First Neanderthal Family
Among stone tools and butchered bison bones, fossilized remains of Neanderthal father, a teenage daughter, and other related members were discovered.
The first remains of a Neanderthal family has been discovered by scientists. The remains consisted of a father, his adolescent daughter, and other individuals who were likely close relations. The family, which was one of a group of 11 Neanderthals discovered together in the cave, most likely perished together, maybe from famine, according to scientists. The findings were published in the journal Nature1.
The brand-new discovery was made in the Chagyrskaya cave in Siberia. There, excavations by paleoanthropologists started in 2007 and yielded pieces of Neanderthal teeth and bones. In the cave, in addition to butchered bison bones, the researchers also discovered 90,000 stone tools.
The Neanderthals might have used the cave as a temporary residence. The bison that migrated yearly to graze on the adjacent meadows may have drawn them to Chagyrskaya. A whole genome that was extracted from a Neanderthal woman's finger bone was the first DNA discovery from Chagyrskaya, and it was released in 20202. She was genetically more related to Croatian Neanderthals located more than 3,000 kilometers distant than to those living 65 kilometres away in the Denisova cave.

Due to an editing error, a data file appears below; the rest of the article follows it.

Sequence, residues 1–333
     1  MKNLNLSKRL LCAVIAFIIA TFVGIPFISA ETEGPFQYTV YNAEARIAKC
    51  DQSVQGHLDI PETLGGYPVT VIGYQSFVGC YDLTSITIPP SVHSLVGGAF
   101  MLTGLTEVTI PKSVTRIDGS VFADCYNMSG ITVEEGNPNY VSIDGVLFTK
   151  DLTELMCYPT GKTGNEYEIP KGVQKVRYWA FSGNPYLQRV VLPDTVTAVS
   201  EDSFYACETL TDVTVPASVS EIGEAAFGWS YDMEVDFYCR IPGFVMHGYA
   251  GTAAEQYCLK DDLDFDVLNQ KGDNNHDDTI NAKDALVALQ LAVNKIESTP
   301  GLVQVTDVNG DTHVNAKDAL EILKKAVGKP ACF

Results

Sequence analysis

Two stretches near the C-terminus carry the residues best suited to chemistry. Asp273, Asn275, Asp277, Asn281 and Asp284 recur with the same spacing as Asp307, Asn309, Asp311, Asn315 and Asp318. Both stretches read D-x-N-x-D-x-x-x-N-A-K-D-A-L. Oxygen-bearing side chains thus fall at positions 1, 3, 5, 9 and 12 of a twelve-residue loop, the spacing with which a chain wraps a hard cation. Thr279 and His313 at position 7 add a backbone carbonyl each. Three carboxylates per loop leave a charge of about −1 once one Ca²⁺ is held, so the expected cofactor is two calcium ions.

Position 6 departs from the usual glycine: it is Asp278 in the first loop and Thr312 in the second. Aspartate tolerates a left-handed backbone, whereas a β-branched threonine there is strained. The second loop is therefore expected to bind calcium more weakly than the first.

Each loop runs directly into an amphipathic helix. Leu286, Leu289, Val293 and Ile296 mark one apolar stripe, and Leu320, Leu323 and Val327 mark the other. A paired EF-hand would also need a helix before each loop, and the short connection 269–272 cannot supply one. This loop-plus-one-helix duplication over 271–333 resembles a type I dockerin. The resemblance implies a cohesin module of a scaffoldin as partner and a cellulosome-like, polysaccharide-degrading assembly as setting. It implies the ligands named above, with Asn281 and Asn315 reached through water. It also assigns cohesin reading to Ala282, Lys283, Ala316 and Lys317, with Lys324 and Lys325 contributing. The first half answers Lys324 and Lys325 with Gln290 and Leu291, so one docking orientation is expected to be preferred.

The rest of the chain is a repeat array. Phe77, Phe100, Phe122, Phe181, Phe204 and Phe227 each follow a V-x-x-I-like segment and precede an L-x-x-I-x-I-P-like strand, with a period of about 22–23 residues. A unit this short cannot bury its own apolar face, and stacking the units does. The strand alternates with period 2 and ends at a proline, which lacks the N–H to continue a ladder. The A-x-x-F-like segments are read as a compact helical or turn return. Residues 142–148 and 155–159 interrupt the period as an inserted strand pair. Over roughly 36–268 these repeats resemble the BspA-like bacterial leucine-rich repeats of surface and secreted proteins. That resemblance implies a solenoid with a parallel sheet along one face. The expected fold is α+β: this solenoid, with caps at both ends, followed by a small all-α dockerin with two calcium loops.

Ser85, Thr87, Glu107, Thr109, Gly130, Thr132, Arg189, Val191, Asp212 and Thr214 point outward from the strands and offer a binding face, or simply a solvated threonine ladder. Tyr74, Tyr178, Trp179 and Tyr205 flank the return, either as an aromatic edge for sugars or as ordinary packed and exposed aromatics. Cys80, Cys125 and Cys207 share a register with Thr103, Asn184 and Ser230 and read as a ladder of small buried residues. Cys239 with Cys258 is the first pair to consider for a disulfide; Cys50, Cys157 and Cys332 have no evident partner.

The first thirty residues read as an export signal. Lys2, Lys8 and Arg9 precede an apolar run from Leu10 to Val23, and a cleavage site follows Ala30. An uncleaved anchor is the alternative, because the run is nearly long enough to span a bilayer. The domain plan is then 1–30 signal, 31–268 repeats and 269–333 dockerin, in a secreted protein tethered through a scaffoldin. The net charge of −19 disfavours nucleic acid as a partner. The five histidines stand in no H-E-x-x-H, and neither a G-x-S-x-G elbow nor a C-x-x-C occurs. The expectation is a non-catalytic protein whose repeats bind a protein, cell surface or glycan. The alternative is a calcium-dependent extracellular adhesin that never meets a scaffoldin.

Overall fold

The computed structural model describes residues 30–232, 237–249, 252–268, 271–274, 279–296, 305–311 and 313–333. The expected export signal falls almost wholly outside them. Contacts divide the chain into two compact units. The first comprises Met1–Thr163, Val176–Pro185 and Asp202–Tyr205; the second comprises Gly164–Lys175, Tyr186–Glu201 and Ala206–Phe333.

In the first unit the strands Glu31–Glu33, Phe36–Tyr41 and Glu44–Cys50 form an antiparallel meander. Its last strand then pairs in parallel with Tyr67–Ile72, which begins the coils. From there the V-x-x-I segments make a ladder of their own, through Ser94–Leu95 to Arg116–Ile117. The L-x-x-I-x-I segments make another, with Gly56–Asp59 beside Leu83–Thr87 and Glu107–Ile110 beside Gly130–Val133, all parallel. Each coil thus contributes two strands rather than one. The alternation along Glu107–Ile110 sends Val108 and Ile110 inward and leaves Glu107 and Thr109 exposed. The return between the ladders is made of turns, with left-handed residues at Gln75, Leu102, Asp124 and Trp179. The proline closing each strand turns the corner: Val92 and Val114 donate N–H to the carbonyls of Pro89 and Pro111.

This kinship shows that there was more than one group of Neanderthals in Siberia. At least twice, they moved eastward from Europe, first to Denisova and then, tens of thousands of years later, to Chagyrskaya. The authors struck gold when they yielded ancient DNA from 11 individuals, including six adults and five toddlers, all related. Stone tools, bison bones, and fossils were all found in the same layer of sediment in the cave. Geologically speaking this is an demonstrates a short occupation.
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